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Protests over the summer in Memphis, Tenn. following the killing of George Floyd at the hands of a white police officer. Eric Adeleye, a Memphis-based photographer, turned his camera from fashion to the streets to chronicle the movement.

From fashion to protests

How one portrait photographer adapted his skills to chronicle the racial justice movement 

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By Staff


Eric Adeleye had a fulfilling side hustle as a portrait photographer specializing in fashion and boudoir imagery before recent protests and unrest turned Postindustrial America into ground zero for many of the clashes we’ve seen. 

Following the recent, high-profile killing of a Black man by police, Adeleye, 48, of Memphis, Tenn., decided to train his lens on racial justice demonstrators, hoping to capture their passion and provide greater context to their movement. 

“After the George Floyd murder, I was devastated,” Adeleye said. “But it also made me think about how I could apply my expertise as a Black photographer to the Black Lives Matter movement.”

Protests over the summer in Memphis, Tenn. following the killing of George Floyd at the hands of a white police officer. Eric Adeleye, a Memphis-based photographer, turned his camera from fashion to the streets to chronicle the movement.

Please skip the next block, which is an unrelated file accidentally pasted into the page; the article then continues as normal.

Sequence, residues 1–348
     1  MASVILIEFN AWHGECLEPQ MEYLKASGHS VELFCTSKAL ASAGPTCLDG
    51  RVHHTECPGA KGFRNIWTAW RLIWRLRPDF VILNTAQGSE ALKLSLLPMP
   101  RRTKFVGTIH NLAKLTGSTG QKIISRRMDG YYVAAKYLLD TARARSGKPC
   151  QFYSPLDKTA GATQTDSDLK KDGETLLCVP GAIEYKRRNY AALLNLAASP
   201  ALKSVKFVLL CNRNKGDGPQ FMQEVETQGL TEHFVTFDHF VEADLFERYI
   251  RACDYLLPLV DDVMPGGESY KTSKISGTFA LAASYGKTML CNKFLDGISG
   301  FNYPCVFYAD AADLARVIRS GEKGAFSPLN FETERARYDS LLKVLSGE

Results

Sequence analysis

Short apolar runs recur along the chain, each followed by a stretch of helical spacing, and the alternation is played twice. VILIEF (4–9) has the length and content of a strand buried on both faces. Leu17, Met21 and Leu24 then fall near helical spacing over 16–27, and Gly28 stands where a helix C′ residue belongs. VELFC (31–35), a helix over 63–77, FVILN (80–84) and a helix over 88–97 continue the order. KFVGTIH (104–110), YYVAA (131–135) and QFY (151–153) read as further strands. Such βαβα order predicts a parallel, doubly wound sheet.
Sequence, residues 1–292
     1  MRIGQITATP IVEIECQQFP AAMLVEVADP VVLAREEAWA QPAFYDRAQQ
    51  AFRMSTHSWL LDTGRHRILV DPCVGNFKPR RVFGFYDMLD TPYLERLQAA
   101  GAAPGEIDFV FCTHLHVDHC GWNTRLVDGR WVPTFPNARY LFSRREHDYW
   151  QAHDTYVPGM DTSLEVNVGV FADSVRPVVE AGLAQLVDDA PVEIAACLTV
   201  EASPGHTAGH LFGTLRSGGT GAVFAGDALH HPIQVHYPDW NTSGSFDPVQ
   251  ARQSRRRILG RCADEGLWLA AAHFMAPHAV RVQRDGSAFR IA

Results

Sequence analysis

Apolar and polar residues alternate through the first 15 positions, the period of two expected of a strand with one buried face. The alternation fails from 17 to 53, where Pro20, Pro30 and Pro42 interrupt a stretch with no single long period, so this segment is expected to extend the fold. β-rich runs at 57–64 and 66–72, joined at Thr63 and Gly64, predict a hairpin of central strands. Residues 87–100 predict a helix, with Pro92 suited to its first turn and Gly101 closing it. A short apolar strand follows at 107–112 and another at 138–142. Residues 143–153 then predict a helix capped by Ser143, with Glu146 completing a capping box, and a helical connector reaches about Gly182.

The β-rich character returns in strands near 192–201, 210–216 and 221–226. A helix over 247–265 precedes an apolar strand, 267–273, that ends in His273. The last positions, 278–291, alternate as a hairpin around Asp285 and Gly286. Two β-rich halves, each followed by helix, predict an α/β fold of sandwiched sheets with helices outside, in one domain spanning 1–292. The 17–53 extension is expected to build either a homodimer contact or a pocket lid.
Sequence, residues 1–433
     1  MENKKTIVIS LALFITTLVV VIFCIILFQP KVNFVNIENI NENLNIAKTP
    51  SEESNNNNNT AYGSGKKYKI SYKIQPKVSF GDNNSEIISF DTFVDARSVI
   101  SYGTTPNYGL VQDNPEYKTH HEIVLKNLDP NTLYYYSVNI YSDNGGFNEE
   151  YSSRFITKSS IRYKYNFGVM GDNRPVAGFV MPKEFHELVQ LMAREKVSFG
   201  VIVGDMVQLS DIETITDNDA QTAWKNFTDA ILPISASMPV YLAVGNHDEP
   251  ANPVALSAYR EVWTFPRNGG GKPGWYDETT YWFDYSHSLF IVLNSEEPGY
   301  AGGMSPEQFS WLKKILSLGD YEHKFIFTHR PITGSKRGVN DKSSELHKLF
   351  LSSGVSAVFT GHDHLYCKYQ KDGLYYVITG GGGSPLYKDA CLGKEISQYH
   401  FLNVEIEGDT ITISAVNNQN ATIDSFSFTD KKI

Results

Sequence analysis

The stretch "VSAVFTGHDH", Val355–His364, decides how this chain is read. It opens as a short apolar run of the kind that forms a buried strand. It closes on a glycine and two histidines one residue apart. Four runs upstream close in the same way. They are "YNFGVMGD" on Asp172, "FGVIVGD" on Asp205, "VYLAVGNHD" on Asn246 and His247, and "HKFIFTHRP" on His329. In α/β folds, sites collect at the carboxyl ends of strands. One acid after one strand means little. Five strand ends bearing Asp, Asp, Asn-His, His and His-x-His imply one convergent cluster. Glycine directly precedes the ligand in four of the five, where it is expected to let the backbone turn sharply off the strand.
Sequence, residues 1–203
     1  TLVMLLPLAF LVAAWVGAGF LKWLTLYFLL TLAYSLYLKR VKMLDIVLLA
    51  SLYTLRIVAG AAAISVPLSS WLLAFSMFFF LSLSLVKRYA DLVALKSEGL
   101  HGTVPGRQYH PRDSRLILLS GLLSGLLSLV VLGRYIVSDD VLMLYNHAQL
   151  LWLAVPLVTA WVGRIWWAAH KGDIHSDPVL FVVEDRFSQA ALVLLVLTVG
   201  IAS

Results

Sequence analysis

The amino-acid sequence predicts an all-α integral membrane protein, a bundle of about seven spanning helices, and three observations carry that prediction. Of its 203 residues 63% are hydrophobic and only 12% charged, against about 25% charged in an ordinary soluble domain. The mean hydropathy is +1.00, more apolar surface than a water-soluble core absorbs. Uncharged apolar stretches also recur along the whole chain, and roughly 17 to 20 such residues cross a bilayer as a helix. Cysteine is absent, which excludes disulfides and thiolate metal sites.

A demonstrator in Memphis over the summer. Eric Adeleye, a Memphis-based photographer, turned his camera from fashion to the streets to chronicle the social justice movement.

Fashion photography by by Eric H. Adeleye of Eric Adeleye Photography.

Since Floyd’s killing in May, the Philadelphia native and Army veteran, who works for the Department of Veterans Affairs as an IT specialist, has been documenting the protests in his adopted hometown of Memphis, employing black-and-white photography. 

His work in the often-chaotic streets stands in contrast to the vivid colors and haute-couture style of his fashion shoots. He hopes to one day present a collection of his work in a gallery so that the full impact can be experienced in one space. 

“I decided to take my project to the next level by interviewing protesters,” he said. “You may get to see the person who organized the protest on television, but you don’t get to hear much about the others at the protests … . It’s a piece of history that should be documented.”

And unlike a typical news photographer, Adeleye’s work comes with a caveat, one that he freely expresses and is apparent in his photos. 

“People need to choose a side (in the demonstrations for racial justice) — there is no sideline in this.” 

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